A civil liberties group asked an Arkansas judge Tuesday to block the state from enforcing its voter ID law, saying more than 1,000 people were disenfranchised during last month’s primary election because of the requirement that they show photo identification before casting a ballot. Pulaski County Circuit Judge Tim Fox ruled last month that the voter ID requirement was unconstitutional but suspended his ruling, allowing the requirement to stay in place during the May 20 primary and June 10 runoff election. The primary was the first statewide test of the law, which took effect in January. The American Civil Liberties Union of Arkansas on Tuesday asked Fox to lift his stay, saying 933 absentee ballots and 131 ballots cast in person during the primary were thrown out because of the new law.
“With the November 2014 general election expected to have an even greater turnout, the impact of the ‘proof of identity’ provisions on otherwise qualified Arkansas voters in the general election could be even greater,” the group said in its filing. “Should rates of disenfranchisement and voter turnout remain steady for the November General Election, potentially thousands of registered Arkansas voters could be disenfranchised in the general election.”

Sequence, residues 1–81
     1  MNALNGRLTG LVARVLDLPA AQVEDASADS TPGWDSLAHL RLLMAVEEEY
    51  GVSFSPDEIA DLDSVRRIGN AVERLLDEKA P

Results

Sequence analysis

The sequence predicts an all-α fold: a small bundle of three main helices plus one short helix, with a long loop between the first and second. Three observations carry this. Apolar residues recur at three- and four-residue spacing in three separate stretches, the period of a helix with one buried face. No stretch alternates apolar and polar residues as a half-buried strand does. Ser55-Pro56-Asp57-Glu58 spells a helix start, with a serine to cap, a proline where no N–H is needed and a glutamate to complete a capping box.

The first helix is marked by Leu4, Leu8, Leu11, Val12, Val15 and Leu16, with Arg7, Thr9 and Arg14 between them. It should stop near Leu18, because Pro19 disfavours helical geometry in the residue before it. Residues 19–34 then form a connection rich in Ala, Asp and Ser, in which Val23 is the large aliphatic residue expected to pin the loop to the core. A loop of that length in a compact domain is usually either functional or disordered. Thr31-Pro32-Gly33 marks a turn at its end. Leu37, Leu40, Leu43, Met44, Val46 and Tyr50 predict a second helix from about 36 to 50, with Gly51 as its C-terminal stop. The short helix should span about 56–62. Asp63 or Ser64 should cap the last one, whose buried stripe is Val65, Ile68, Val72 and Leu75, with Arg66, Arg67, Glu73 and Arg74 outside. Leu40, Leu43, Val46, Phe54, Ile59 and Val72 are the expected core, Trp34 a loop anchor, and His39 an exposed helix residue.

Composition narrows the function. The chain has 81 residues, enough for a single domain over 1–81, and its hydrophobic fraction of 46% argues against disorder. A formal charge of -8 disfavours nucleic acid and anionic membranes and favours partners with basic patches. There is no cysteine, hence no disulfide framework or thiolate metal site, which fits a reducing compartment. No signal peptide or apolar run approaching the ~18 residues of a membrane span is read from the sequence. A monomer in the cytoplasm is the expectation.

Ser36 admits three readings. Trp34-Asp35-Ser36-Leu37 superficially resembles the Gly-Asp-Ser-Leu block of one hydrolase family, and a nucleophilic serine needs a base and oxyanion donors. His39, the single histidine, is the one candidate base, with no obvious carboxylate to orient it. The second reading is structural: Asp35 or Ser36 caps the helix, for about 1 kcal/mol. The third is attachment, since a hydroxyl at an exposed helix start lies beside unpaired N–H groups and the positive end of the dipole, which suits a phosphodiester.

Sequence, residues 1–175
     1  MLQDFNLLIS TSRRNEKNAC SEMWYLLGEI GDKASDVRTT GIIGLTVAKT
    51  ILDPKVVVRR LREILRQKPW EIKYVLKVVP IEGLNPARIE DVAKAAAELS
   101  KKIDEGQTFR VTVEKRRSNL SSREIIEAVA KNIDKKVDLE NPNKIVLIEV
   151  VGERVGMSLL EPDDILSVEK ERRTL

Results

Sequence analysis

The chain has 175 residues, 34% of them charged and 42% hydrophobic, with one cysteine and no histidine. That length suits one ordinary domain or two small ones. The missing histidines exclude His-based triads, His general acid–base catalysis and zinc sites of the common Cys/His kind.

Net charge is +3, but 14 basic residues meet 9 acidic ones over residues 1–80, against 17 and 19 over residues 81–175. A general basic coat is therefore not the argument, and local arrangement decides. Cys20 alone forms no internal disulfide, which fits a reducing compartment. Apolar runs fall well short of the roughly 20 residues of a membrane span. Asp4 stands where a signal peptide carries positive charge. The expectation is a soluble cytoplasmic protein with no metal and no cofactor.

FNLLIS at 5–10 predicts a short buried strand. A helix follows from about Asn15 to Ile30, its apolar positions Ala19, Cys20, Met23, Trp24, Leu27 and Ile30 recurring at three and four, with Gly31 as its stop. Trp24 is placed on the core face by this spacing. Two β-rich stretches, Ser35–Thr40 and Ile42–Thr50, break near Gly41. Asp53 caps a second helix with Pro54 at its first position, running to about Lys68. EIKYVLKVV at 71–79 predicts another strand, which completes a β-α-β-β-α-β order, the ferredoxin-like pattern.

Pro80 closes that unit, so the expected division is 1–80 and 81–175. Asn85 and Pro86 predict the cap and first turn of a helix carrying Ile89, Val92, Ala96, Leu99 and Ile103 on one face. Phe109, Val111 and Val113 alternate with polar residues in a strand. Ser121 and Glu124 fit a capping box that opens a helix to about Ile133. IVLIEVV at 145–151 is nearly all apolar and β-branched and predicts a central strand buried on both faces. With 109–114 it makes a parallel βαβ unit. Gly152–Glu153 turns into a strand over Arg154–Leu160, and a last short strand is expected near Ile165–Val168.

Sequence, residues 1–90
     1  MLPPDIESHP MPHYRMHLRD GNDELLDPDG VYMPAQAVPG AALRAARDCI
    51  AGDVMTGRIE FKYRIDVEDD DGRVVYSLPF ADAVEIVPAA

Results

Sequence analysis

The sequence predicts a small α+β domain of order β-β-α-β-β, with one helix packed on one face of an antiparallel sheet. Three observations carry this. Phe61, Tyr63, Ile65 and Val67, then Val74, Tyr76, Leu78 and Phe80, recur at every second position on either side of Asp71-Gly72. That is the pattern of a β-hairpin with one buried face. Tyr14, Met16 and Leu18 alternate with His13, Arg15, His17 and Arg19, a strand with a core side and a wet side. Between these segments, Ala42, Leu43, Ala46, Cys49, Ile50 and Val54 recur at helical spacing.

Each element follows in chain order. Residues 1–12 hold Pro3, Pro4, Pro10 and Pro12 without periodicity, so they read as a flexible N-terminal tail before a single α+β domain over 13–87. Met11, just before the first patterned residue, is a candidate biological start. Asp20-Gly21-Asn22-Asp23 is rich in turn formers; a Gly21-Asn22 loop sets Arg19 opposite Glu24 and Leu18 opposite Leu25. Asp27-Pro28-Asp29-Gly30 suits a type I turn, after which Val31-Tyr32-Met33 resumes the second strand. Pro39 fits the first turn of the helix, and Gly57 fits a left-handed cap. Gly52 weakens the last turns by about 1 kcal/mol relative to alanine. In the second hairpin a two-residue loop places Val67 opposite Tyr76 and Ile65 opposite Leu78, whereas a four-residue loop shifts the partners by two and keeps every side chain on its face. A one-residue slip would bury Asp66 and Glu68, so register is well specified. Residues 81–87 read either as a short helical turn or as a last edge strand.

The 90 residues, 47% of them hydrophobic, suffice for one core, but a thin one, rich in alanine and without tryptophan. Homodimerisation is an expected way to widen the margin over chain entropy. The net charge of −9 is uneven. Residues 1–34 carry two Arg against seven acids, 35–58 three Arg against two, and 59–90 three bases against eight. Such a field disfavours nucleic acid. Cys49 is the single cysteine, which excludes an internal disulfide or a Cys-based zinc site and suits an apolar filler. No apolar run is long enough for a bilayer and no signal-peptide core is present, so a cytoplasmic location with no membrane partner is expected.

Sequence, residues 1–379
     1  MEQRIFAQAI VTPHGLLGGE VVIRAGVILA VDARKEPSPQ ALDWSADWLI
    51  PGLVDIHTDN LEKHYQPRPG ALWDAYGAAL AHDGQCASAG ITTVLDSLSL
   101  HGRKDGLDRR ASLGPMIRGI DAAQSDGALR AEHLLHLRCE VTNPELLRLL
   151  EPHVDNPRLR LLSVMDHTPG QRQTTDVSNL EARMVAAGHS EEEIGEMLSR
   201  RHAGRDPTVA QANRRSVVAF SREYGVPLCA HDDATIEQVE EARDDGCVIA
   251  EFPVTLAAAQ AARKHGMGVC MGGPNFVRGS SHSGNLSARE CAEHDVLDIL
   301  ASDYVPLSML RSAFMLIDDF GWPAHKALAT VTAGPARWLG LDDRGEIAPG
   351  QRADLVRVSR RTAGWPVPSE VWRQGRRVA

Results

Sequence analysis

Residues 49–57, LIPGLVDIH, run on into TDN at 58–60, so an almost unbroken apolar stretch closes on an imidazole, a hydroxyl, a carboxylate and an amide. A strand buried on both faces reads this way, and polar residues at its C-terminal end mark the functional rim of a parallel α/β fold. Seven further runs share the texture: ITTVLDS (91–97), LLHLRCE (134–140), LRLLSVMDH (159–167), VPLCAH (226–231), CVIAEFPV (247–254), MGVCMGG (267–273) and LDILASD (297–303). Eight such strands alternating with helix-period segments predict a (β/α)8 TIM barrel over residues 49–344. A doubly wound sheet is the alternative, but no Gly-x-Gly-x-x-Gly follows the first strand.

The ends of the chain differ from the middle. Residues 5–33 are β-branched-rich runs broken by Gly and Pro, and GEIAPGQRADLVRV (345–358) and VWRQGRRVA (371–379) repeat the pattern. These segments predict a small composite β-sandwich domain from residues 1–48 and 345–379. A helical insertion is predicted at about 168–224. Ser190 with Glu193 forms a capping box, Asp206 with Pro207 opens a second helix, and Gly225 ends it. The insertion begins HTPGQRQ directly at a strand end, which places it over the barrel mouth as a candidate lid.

The ACLU of Arkansas and the Arkansas Public Law Center sued the state on behalf of four voters they said would be harmed by the law. The law allows voters who don’t show ID at the polls to cast a provisional ballot that won’t be counted unless they show ID to election officials by noon on the Monday after the election. No such “cure period” is allowed for absentee voters, who must include a copy of their ID with their ballots.
Full Article: Group asks judge to halt Arkansas voter ID law – SFGate.